Vendor Views on the ’17 Market Peppered with Good’s and Great’s

Vendor Views on the ’17 Market Peppered with Good’s and Great’s

By Michael McAllister

Grinnell’s 2017 Farmers Market sprouted on May ll.  As August blends into September, vendors report a strong season.

“One of the best around.”  That is the judgment that David DeVilder of Sojourn Farm accorded to Grinnell’s Farmer Market.  He has some perspective, too, since he and his wife Margery are back this year after a four-year layover.  Prior to that break, the DeVilders were vendors at the Grinnell Farmers Market for approximately 12 years.

“The longer we’re here, the longer people see that we have a good product, and a variety of products, and the people keep coming back,” David DeVilder stated.  In short, Sojourn Farm is pleased with its sojourn to Grinnell.

Some of the vendors at the market bring products that do not sprout from the ground or drop from trees, such as crocheted items.  Coming from Marshalltown, Margaret Hala of Hala’s Honey judges the season positively.  “I’ve done well,” she states, her fingers and knitting needle busy with another piece.

Under just about any circumstances, Jim Hinegardner of Hinegardner’s Orchard is assured of a fruitful season.  Based in Montour, Hinegardner is positive about his Grinnell experience, although the summer season itself has been a bit dry at times.  He brings items like apples, pears, strawberries, melons, plums, and squash to the variety of market products.

Grinnell’s own Top of the Hill Nuts adds a bit of cinnamon-roasted crunch to the offerings via almonds.  Other varieties of nuts are available as the company enters its sixteenth year of business.

Clockwise from top left:  Sojourn Farms, Hala’s Honey, Hinegardner’s Orchards, Top of the Hill Nuts

If life gives you lemons, the saying goes, make lemonade.  On the other hand, you can get lemonade made just for you at Pucker Up and Squeeze Me, now in its second year at the market.  Andre squeezes the lemons as the customer watches and adds his special sugar-and-water mixture.  “It’s been really good,” he says, referring to the 2017 season in Grinnell.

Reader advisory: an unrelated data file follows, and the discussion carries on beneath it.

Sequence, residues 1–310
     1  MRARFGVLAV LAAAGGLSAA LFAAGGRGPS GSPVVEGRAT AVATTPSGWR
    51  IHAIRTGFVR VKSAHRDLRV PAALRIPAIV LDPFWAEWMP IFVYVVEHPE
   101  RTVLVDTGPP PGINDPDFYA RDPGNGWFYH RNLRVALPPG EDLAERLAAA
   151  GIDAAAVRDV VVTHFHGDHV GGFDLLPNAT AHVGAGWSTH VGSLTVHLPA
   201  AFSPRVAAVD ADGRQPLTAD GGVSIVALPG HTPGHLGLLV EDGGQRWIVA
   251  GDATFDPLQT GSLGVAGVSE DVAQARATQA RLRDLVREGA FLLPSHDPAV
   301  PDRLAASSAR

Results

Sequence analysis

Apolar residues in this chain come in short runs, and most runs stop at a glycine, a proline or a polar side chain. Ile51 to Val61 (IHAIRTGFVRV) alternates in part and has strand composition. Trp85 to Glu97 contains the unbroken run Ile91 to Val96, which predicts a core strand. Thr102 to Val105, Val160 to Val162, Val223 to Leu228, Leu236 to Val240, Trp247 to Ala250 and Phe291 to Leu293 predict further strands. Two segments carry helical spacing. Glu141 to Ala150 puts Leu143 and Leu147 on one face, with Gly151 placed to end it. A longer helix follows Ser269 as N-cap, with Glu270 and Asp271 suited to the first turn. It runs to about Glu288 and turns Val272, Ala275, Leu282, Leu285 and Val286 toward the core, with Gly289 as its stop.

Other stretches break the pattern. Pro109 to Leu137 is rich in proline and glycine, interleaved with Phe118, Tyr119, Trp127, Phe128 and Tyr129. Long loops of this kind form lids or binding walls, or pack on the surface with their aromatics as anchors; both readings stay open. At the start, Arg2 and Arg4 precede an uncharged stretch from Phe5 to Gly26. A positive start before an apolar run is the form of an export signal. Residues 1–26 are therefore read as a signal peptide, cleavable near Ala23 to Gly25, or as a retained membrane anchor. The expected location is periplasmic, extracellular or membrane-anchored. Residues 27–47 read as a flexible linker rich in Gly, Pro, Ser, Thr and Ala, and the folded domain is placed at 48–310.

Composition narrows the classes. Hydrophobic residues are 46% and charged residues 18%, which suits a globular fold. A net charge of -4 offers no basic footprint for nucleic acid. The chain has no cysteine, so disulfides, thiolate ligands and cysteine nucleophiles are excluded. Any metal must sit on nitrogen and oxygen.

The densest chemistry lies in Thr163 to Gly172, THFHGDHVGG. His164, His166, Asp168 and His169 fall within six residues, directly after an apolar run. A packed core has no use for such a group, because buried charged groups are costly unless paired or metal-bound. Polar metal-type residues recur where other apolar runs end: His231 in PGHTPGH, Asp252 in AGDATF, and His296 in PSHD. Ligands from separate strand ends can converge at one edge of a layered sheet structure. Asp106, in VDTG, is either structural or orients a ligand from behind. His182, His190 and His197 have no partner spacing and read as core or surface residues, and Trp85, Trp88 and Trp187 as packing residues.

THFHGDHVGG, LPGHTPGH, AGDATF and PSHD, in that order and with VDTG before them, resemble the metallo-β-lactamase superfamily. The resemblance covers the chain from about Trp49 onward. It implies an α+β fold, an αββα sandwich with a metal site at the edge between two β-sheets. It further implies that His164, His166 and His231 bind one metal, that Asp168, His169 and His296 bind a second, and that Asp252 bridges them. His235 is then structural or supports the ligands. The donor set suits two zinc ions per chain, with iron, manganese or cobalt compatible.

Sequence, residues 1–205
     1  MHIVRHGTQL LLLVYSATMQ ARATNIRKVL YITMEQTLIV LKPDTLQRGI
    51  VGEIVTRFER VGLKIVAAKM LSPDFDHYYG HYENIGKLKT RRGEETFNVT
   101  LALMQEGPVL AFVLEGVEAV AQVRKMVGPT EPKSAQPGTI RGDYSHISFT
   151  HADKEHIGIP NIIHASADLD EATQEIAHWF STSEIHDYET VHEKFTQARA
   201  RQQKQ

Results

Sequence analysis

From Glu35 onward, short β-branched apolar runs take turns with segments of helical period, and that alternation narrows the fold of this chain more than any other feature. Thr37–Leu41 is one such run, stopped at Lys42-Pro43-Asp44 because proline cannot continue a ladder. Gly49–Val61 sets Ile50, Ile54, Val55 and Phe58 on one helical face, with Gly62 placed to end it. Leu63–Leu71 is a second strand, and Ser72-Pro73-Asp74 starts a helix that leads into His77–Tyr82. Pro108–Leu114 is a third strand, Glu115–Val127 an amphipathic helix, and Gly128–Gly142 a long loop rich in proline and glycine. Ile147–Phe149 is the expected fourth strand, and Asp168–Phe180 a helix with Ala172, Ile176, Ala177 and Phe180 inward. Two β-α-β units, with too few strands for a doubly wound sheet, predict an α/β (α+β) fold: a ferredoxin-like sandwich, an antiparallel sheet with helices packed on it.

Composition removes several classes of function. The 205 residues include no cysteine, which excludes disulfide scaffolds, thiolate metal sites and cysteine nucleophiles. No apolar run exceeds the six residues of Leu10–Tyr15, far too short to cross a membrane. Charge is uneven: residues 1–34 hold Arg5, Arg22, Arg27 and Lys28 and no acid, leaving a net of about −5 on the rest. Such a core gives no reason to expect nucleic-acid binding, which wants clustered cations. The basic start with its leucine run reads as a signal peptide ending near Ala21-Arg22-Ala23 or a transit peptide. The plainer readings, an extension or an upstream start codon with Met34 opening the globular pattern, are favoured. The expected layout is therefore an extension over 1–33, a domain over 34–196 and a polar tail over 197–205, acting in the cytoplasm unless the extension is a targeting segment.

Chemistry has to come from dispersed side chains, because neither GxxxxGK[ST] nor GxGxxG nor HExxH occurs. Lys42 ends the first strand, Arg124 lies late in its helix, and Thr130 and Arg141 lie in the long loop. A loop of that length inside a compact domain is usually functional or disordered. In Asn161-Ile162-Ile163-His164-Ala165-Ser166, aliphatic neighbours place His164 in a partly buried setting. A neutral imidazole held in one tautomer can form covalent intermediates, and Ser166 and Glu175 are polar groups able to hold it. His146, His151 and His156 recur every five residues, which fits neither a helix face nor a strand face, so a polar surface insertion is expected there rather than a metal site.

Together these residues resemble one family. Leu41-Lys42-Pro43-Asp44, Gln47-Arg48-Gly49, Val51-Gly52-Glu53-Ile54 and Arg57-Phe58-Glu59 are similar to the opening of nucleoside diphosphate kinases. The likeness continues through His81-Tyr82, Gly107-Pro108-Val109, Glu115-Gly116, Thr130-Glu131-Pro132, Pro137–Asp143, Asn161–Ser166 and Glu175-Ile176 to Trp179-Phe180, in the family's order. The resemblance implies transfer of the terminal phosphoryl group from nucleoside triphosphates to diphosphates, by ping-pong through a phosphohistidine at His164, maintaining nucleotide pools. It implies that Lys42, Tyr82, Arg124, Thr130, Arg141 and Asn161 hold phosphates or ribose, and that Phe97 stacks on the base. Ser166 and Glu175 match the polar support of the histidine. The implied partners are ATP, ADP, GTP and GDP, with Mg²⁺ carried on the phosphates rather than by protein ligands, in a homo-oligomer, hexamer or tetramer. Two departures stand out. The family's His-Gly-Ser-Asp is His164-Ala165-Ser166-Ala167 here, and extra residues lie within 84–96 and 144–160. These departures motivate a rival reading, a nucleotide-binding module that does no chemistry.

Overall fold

Barb Imhoff is equally positive about this year’s farmers market.  “It’s been great,” she exclaimed.  Barb and her husband Joe sell a wide variety of baked goods and produce.  And, even though friendliness is not a commodity that can be packaged, they offer that as well.

Esther Huedepohl of Esther’s Place, Brooklyn, brings breads, rolls, kolaches, cakes, and pies to the market, to name only a few of her specialties.  Pointing to an impressive selection, her husband stated, “You haven’t seen anything.  This is only one-fourth of what she normally has.”  Esther called the season “wonderful” and added, “It’s always fun when the college kids come back.”

Variety may be the spice of life, but it is not the only one.  Salsa, too, qualifies as a component to enliven just about anything this side of ice cream.  Mama Teresa’s Salsa is a staple at the market, and Marilyn D’Aguanno, the current creator of the condiment, says of this year’s market, “It’s been very good.  I’ve been happy with it—a lot of traffic.”  She commented that it’s good to see Central Park near completion, and it’s also encouraging to see college students and young people as part of the traffic.  Incidentally, Mama Teresa is Marilyn’s mother.

Genesis Development, just up the street on the next block, maintains a Farmers Market site to sell a variety of items created by people with disabilities.  Products include baked goods, hats, and fire starters (useful for campfires and fireplaces).  It’s been an OK season, reports Laura Robertson.  Participation in the Farmers Market helps Genesis Development fulfill its mission of creating opportunities for the disabled.

Clockwise from top left:  Pucker Up and Squeeze Me, Joe and Barb Imhoff, Mama Teresa (aka Marilyn D’Aguanno), Laura Robertson

Only a few of Busy Bee Acres’ products are present in the picture below.  The sweetest items—honey, of course, and maple syrup among others—are out of camera range but well within customer range.  Beekeeper Jim Dolezal reports that, while he has been stung several times, he has never had a reaction.  The same is not true for his wife, Penny—she swells if stung—so she minds her P’s and Q’s around the bees.

Melissa Doty of Doty Angus Cattle Company assesses the current season with an enthusiastic “Good!”  She notes a slight decrease in traffic—always the case once the Stare Fair begins—and the start of school also carries an impact because demands on people’s time increase.  Still, there are always regular customers whose loyalty is valued

The vendors mentioned here represent a sampling of the products and services available through the Grinnell Farmer Market.  Whether you are a market regular, a newcomer, or someone who is simply curious, you still have time to take advantage of this special Grinnell feature.

But you do not have forever!  The market will run through October 14, Thursday afternoons from 3:00 to 6:00 and Saturday mornings from 10:00 to noon.  You will find it on the west and north sides of Central Park.

 

 

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